Thursday, June 26, 2008

The Battle of Olustee, Florida - Part One



On February 20, 1864, a Union army of 5,500 men achieved the dubious distinction of suffering the greatest defeat of the Civil War.

Based on the percentage of force killed, wounded or captured, the 40% casualties suffered by the Union command of Brig. Gen. Truman Seymour at the Battle of Olustee, Florida was the greatest loss sustained by any Union army in a major battle.

Making the severe loss even worse was the fact that the Battle of Olustee was fought against orders in a campaign launched to achieve a political, not military, objective. That objective was the he reelection of President Abraham Lincoln.

By the winter of 1863-1864, the war had been underway for nearly three brutal years. There was considerable opposition to the war effort in the North and concern was growing that Lincoln might be defeated in the 1864 Presidential elections by a candidate that would seek a negotiated peace with the Confederacy.

In a series of little known meetings at the White House, a plan grew to help Lincoln's reelection chances. If a Union army could conquer lightly defended Florida quickly, that state might be readmitted to the Union in time for Lincoln to claim its electoral votes.

With this in mind, Lincoln set Union forces off on an invasion that would lead to their greatest defeat (statistically) of the war. Commissioning his aide John Hay as a major, he sent him to join the staff of Major General Quincy A. Gillmore. Hay was supplied with the legal blanks he needed to organize a loyal government in Florida and prepare for the readmission of the state to the Union. The President outlined his plan in a letter to General Gillmore dated January 13, 1864:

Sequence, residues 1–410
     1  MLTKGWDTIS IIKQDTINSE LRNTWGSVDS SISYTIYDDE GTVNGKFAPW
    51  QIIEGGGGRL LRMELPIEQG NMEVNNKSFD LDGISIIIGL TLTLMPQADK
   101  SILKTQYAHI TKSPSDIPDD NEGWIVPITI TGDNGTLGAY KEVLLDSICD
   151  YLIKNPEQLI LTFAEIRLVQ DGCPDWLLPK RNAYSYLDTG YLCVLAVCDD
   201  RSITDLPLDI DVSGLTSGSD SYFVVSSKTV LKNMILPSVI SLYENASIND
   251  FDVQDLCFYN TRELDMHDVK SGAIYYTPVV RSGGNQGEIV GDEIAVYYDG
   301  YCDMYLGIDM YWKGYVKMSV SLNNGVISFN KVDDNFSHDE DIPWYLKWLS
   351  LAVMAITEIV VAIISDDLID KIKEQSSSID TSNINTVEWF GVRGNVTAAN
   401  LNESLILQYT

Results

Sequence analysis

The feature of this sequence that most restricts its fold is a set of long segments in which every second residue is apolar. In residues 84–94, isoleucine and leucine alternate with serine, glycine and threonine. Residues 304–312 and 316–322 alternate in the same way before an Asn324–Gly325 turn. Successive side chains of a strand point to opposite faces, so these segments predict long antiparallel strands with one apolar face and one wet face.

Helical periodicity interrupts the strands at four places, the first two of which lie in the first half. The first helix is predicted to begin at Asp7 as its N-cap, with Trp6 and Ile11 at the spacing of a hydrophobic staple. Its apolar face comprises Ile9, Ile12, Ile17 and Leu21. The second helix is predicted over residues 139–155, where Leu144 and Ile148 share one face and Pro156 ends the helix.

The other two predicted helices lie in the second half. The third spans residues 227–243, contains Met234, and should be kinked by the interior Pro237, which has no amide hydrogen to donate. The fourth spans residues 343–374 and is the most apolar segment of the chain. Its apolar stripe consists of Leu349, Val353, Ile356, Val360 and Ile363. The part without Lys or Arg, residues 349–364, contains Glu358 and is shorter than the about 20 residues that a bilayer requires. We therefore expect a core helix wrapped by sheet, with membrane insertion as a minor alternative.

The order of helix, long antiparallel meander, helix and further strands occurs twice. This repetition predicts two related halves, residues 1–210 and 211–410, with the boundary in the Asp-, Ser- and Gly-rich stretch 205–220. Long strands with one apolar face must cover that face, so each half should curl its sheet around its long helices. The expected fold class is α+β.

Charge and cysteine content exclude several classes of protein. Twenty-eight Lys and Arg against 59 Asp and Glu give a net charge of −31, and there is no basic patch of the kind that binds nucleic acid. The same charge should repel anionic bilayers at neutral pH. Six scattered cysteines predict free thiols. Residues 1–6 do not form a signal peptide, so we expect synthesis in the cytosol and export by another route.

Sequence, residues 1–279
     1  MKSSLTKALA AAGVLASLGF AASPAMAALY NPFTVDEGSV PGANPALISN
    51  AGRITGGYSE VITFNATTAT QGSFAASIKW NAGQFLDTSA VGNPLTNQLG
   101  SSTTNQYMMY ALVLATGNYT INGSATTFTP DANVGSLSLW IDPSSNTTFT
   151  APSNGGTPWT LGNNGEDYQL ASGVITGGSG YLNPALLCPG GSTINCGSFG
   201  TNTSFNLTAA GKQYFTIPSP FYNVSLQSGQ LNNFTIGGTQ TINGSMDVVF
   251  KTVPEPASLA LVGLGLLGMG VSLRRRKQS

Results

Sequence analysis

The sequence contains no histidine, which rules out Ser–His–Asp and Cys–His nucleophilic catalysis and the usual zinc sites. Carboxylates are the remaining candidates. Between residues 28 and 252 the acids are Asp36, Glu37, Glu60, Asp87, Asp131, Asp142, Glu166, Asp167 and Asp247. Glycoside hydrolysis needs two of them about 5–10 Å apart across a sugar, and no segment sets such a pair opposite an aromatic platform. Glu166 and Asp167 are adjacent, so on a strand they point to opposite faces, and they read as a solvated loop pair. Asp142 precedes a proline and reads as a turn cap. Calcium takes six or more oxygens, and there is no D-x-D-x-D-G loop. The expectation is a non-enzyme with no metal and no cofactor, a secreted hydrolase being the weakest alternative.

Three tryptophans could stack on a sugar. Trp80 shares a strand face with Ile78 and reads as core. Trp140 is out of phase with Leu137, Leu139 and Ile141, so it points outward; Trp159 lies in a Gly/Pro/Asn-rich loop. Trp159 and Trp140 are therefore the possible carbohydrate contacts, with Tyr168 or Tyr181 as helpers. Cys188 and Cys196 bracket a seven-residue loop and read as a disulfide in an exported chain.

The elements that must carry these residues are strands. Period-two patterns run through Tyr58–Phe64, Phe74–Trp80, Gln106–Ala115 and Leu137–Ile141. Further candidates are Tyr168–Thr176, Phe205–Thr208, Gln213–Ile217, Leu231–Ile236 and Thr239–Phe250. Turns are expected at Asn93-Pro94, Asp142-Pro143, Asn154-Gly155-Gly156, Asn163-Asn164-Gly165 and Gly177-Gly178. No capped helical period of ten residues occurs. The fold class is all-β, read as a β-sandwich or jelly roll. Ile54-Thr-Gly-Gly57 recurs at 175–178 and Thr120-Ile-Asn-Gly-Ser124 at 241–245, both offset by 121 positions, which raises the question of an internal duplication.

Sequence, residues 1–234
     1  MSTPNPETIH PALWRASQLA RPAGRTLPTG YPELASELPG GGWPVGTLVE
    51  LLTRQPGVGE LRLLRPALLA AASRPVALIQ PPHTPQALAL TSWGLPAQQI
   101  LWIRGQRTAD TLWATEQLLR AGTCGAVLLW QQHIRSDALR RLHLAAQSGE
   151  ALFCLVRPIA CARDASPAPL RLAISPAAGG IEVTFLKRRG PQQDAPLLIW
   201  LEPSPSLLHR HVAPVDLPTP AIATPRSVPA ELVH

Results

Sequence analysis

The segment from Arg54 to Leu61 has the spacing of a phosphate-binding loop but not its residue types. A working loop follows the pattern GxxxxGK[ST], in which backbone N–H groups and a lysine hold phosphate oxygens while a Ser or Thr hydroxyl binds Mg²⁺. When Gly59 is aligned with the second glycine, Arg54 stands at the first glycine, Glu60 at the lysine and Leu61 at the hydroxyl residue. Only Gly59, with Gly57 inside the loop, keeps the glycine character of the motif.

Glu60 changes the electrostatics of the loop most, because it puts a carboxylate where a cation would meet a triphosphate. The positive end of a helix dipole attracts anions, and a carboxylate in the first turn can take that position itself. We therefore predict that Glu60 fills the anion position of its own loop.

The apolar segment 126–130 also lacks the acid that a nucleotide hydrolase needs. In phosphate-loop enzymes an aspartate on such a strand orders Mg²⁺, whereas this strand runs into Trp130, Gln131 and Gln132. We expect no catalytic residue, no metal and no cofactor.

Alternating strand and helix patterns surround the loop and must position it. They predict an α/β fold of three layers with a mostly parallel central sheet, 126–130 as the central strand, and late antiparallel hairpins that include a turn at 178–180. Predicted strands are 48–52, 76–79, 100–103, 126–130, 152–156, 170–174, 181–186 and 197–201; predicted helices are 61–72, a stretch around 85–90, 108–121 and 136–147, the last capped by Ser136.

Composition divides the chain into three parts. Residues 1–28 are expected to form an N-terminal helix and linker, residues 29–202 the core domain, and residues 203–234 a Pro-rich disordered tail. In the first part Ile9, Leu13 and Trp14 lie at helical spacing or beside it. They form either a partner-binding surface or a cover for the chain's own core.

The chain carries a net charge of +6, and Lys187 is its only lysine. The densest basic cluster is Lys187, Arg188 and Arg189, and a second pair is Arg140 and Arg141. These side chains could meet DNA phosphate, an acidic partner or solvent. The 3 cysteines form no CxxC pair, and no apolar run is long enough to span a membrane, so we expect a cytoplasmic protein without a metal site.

I understand an effort is being made by some worthy gentlemen to reconstruct a loyal State government in Florida. Florida is in your department, and it is not unlikely that you may be there in person. I have given Mr. Hay a commission of major and sent him to you with some blank books and other blanks to aid in the reconstruction. He will explain as to the manner of using the blanks, and also my general views on the subject. It is desirable for all to co-operate; but if irreconcilable differences of opinion shall arise, you are master. I wish the thing done in the most speedy way possible, so that when done it will be within the range of the late proclamation on the subject. The detail labor, of course, will have to be done by others, but I shall be greatly obliged if you will give it such general supervision as you can find convenient with your more strictly military duties. (OR, Series I, Volume 35, Part One).

Such strong suggestions from the President of the United States were hard to ignore and on January 31, 1864, General Gillmore announced his plans for an invasion of East Florida. In a report to Major General H.W. Halleck, the commander in chief of the Union Army, he explained that he hoped the invasion would achieve four primary goals:
  1. The opening of an outlet for the export of Florida's cotton, turpentine, sugar, timber and other products.
  2. The elimination of Florida as a source of foodstuffs and other supplies for the Confederate armies.
  3. The recruitment of soldiers from the state's African American population.
  4. "To inaugurate measures for the speedy restoration of Florida to her allegiance, in accordance with instructions which I have received from the President by the hands of Maj. John Hay, assistant adjutant-general."

Our series on the Battle of Olustee will continue. To learn more about the battle before our next post, please visit our new Battle of Olustee site at www.exploresouthernhistory.com/olustee.


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